The latest ideological outrage perpetrated within the “conservative movement” has been the “cleansing” inflicted on Russell Kirk, who is credited with founding the movement back in the early 1950s. And it arrives with the sponsorship and imprimatur of the institution heralding his name, The Russell Kirk Center for Cultural Renewal, which hosted a joint conference with the Acton Center in Grand Rapids, on Monday, January 16, featuring black activist John Woods, Jr. Woods’ Web site, Braver Angels, declares that his own organization is dedicated to “healing the wounds between left and right…. At Braver Angels, our work is about building a house united.” (A photo of glassy-eyed Clinton and Trump supporters from 2016 decorates his site.)

Here is a portion of the invitation from the Kirk Center (signed by Jeff Nelson, the CEO of the Center):

Without King and Kirk, modern American Social Justice liberalism and modern American conservatism as we know them would not exist. And yet, for all of their differences, our modern politics suffer because contemporary liberalism and conservatism often lack the grounding in virtues, communitarian values and faith in an ordered universe to which both Kingian Nonviolence and Kirkian Conservatism held fast. Is it possible that by reacquainting ourselves with these lost traditions we could summon the better angels of left and right and restore a politics of virtue for the modern age?

This inanity is built on blatant intellectual legerdemain. How can my old friend Jeff write such words with a straight face and without blushing embarrassment?

Once individuals such as Kirk were thought too philosophically unwieldy to be incorporated into the budding pantheon of conservative political correctness. Although usual pro forma tributes regularly praised his earlier achievements, his unfavorable views of King, his opposition to civil rights legislation, his consistent arguments against egalitarianism, his opposition to the rabid anti-colonialism of the 1950s and 1960s, and his anger directed at George H. W. Bush (he was Pat Buchanan’s campaign chairman in Michigan in 1992 at the same time I headed the Buchanan effort in North Carolina) are significant markers which must be catalogued.

From fall 1967 for twenty-six years, I corresponded with Russell. As chairman of the Visiting Lecture Program at Pfeiffer University I managed to bring him down for a weekend. Then, after completing an MA in 1971 as a Thomas Jefferson Fellow at the University of Virginia, Kirk requested that I travel to Mecosta to serve as his assistant for 1971-1972. Editing Kirk’s little educational quarterly, The University Bookman, was one of my major responsibilities. In its pages he insisted on open debate on such topics as cognitive disparities between the races (he published a review of Dr. Audrey M. Shuey’s study, The Testing of Negro Intelligence, and other politically-incorrect volumes).

In the spring of 1972 one night we sat in his library as the results of the Michigan Democratic presidential primary came in. I had a radio, and at Russell’s urging I brought it down from my room on the second floor of the library building. Kirk applauded George Wallace’s upset victory, although I don’t think he desired that his wife find out!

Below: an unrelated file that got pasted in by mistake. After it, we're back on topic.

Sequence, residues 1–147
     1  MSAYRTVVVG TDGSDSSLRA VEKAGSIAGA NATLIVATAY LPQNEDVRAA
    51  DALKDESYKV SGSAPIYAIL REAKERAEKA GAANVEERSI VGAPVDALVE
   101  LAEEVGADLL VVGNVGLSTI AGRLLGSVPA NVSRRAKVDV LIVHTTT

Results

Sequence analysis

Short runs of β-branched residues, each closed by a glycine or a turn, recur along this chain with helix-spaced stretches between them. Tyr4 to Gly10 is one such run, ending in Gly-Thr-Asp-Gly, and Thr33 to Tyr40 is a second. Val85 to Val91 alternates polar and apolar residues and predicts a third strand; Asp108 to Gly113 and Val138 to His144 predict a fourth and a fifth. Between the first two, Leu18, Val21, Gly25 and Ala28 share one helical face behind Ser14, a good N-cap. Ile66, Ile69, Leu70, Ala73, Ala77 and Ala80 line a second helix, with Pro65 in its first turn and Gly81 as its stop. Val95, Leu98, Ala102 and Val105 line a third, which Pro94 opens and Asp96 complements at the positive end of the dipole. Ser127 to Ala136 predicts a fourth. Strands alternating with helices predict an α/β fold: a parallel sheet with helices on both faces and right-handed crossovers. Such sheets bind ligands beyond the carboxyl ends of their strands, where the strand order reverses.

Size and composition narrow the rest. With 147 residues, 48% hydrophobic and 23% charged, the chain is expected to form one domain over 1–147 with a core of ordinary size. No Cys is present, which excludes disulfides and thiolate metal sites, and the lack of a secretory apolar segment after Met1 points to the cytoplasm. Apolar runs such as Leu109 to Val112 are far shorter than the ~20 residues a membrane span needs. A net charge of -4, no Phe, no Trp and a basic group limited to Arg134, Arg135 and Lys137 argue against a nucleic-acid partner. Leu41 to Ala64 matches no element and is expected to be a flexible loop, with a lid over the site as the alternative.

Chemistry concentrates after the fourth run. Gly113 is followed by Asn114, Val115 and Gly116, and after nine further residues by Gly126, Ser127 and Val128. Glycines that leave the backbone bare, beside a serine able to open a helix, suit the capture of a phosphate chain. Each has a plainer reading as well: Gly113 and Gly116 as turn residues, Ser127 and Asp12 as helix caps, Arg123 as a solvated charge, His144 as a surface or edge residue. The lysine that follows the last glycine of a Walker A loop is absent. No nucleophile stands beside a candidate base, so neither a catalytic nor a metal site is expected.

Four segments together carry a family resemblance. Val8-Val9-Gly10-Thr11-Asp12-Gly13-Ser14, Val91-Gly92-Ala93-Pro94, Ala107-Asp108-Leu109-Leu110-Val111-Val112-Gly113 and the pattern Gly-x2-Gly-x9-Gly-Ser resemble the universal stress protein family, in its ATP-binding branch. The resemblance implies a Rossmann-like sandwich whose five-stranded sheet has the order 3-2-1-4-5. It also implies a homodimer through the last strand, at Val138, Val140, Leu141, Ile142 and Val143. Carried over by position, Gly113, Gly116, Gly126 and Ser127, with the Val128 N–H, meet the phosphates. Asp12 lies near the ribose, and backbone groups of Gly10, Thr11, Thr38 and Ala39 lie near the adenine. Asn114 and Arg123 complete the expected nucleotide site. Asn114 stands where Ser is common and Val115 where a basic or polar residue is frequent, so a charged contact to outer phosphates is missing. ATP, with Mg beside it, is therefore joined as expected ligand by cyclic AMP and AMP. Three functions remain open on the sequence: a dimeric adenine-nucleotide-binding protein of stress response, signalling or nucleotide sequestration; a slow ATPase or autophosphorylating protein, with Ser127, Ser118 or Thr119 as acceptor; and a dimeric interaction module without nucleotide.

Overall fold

While at the University of Virginia I completed a semester paper titled, “Robert Lewis Dabney and the New South Creed.” Russell knew little of Dabney, save for what he had read in Richard Weaver’s The Southern Tradition at Bay. But he read my essay, liked it very much, and suggested I send it to David Collier, then editor at Modern Age. I did just that, and Collier responded, tentatively accepting it for publication, but with a couple of minor editing suggestions.

Unfortunately, I never got around to those edits. Yet, since then I have gone back to work on the paper, and it has found outlets in several publications.

One particular passage that caught Kirk’s attention and interest was Dabney’s acute and prophetic description of American conservatism. Written as part of Dabney’s response against efforts to enact women’s suffrage, Kirk wrote to me in the early 1990s—the George Bush years—that he was especially delighted in this passage, marveling that Dabney could have been so prescient a full century earlier (1875):

This is a party which never conserves anything. Its history has been that it demurs to each aggression of the progressive party, and aims to save its credit by a respectable amount of growling, but always acquiesces at last in the innovation. What was the resisted novelty of yesterday is to-day one of the accepted principles of conservatism; it is now conservative only in affecting to resist the next innovation, which will to-morrow be forced upon its timidity, and will be succeeded by some third revolution, to be denounced and then adopted in its turn.

American conservatism is merely the shadow that follows Radicalism as it moves forward towards perdition. It remains behind it, but never retards it, and always advances near its leader. This pretended salt hath utterly lost its savor: wherewith shall it he salted? Its impotency is not hard, indeed, to explain. It is worthless because it is the conservatism of expediency only, and not of sturdy principle. It intends to risk nothing serious, for the sake of the truth, and has no idea of being guilty of the folly of martyrdom. It always—when about to enter a protest—very blandly informs the wild beast whose path it essays to stop, that its ‘bark is worse than its bite,’ and that it only means to save its manners by enacting its decent rôle of resistance.

The only practical purpose which it now subserves in American politics is to give enough exercise to Radicalism to keep it ‘in wind,’ and to prevent its becoming pursy and lazy from having nothing to whip. No doubt, after a few years, when women’s suffrage shall have become an accomplished fact, conservatism will tacitly admit it into its creed, and thenceforward plume itself upon its wise firmness in opposing with similar weapons the extreme of baby suffrage; and when that too shall have been won, it will be heard declaring that the integrity of the American Constitution requires at least the refusal of suffrage to asses. There it will assume, with great dignity, its final position. [Dabney, “Women’s Rights Women,” The Southern Magazine, 1871.]